Volunteer-run organizations have used surplus food from restaurants to provide more than 85 million meals to poor people in India and around the world.
On Delhi’s characteristic chilly December night, 6-year-old Lani sits barefoot quietly beside an unconventional road with shanti made of tarpaulin and galvanized iron.
However, recognizing an approaching car with a familiar face in front of her, she hurriedly ran towards it, trying to defeat other children who were also competing for the car.They will soon taste “favorite food” Bayas With (brothers) Didis (Sisters) Frequently bring them in green jerseys.
Lani’s parents can hardly afford to serve her two meals, like many other children living in temporary homebrew shelters near her. So every time a familiar-faced car visits her area, she and other children run to get as much food as possible.
Those familiar faces are “Robins” or Robin Hood Army volunteers. This is a movement initiated by dozens of young people in India to collect excess food and distribute it to the poor.
Robin Hood Army is a zero-fund volunteer organization that draws workforce primarily from young students and working professionals in 2014 with the goal of utilizing surplus food that is often wasted in restaurants and large social gatherings. Formed in Delhi.
“After all, almost every restaurant has a certain amount of spare food that is completely edible but wasted, so we’ll contact them, collect this food, and distribute it to people. I need it. “
“The problem is not really food availability, but unequal distribution. If the amount of food wasted in different places every day is distributed to the poor, everyone can sleep hungry. I don’t think so, “Wahid said. TRT World..
Poor food distribution in India
According to the 2021 Global Hunger Index, India is ranked 101st out of 116 countries and the level of hunger is considered “serious”.
“Even if the government has a buffered inventory of food grains, people do not have the purchasing power to buy them. 67% of our people need food security, but the public distribution system Haven’t reached out to them, “explains Ranjit Singh Ghuman, a leading agricultural economist.
“We have a very exclusive model in which the concentration of wealth and income is in the hands of a few people, which naturally puts us in the position we are in now.” Said Ghuman TRT World..
Food and Agriculture Organization (FAO) estimate 189.2 million People are undernourished in India, according to the report “World Food Security and Nutrition, 2020”.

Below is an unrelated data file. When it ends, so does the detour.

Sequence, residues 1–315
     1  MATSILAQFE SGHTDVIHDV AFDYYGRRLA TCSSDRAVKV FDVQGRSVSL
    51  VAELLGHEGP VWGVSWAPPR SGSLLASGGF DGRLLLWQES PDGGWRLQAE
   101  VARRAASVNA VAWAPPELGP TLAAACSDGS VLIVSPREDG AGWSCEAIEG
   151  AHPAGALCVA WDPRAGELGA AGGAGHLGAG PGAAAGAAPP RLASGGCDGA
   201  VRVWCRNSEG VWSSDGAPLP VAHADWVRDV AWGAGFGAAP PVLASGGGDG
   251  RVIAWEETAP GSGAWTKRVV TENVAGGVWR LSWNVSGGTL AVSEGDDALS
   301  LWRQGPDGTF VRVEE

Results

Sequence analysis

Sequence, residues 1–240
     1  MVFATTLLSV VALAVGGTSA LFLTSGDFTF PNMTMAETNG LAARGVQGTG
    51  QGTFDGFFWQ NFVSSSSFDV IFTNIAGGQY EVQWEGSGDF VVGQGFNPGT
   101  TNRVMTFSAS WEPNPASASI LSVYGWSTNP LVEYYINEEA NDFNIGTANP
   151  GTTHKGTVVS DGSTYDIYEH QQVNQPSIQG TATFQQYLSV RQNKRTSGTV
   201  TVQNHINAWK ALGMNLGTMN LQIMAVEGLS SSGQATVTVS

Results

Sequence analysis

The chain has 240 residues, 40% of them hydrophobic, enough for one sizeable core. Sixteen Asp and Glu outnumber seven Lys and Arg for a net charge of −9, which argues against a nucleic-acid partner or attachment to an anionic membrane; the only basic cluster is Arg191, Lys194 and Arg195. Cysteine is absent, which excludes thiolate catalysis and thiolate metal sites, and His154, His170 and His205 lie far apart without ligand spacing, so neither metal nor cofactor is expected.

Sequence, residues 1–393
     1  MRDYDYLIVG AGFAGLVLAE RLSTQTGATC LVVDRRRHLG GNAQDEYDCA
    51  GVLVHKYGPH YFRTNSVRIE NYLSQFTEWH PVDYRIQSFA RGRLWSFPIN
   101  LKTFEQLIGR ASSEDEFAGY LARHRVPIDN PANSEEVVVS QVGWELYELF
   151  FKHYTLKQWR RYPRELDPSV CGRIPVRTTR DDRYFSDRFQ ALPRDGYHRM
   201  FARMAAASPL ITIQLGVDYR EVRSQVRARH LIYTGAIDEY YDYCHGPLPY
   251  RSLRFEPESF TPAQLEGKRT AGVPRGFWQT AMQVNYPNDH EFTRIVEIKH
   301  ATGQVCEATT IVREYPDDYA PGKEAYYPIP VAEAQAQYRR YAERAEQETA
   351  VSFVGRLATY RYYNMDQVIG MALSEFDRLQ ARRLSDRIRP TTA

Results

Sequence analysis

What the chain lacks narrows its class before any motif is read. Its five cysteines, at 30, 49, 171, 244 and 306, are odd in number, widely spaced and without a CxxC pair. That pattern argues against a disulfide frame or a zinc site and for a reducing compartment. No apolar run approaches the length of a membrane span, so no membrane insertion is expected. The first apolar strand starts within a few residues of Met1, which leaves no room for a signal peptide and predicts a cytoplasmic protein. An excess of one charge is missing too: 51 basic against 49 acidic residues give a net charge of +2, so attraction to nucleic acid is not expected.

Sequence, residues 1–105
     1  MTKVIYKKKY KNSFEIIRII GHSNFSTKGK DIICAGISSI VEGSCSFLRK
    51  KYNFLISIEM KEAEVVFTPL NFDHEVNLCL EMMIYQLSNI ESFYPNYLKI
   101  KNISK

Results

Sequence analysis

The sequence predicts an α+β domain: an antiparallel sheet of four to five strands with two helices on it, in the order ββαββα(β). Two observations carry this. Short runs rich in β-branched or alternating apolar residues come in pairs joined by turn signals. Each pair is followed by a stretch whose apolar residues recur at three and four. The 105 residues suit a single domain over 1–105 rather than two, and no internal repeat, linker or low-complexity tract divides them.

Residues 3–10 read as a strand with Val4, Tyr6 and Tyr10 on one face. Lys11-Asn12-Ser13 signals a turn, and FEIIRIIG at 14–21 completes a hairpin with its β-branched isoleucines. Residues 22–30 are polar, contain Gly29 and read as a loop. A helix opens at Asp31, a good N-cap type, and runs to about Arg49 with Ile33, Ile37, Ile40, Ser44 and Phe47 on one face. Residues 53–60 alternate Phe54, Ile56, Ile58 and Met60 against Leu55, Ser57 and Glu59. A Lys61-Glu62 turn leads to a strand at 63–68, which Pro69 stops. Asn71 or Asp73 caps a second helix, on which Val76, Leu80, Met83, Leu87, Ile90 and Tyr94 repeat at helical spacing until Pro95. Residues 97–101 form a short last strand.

“We are aware of the huge crisis we have to deal with, so it doesn’t help to eat occasionally,” says Fariha, a 22-year-old volunteer who works in the Robin Hood Army over the weekend.
“That’s why we’re identifying more and more restaurants and eateries and trying to convince them as partners. These restaurants serve us food every day and the various slum clusters we’ve identified. The team is already in line to distribute it to, “she says.Said TRT World..
Robins to relieve hunger
Robin Hood’s army has succeeded in creating independent branches around the world to take care of the local community. Volunteers themselves are responsible for all transportation and logistics costs.
“Usually the small cost we incur is shipping costs and we use it from our pockets. We don’t receive or receive funds. Everything is our partner (restaurant owner). ) Through a food partnership with Wahid. “
To date, more than 100,000 volunteers have served more than 85 million meals to the poor and poor in 12 countries for patients stuck in slams, orphanages, elderly housing and public hospitals. I have provided it.
“We served 12.5 million people in Delhi alone,” said Manish Kumar Sir, who heads the Delhi branch of the Robin Hood Army. TRT World..
“Inspired by the Portuguese refood program, I started Robin Hood’s army from the city of Delhi, but today I am in more than 250 cities, including regions of low- and middle-income countries such as Brazil, Nigeria, Pakistan and Uganda. It’s beyond our presence. ” mannish.
Not having the money to expand outreach, Robins harnesses the amplification power of social media to attract more volunteers to their peers. “We take pictures of our drives and upload them to platforms like Instagram and Facebook to maximize our reach. There are places where more people can get involved. This will make our network more and more accessible. It’s increasing, “says Wahid.
“Thousands of people have joined. Thousands more have joined us and are working to alleviate hunger. Only 1 percent of the work is done!”
Source: TRT World
https://www.trtworld.com/magazine/how-india-s-robinhood-army-helps-feed-the-impoverished-53305?utm_source=other&utm_medium=rss How India’s “Robinhood Army” Helps Feed the Poor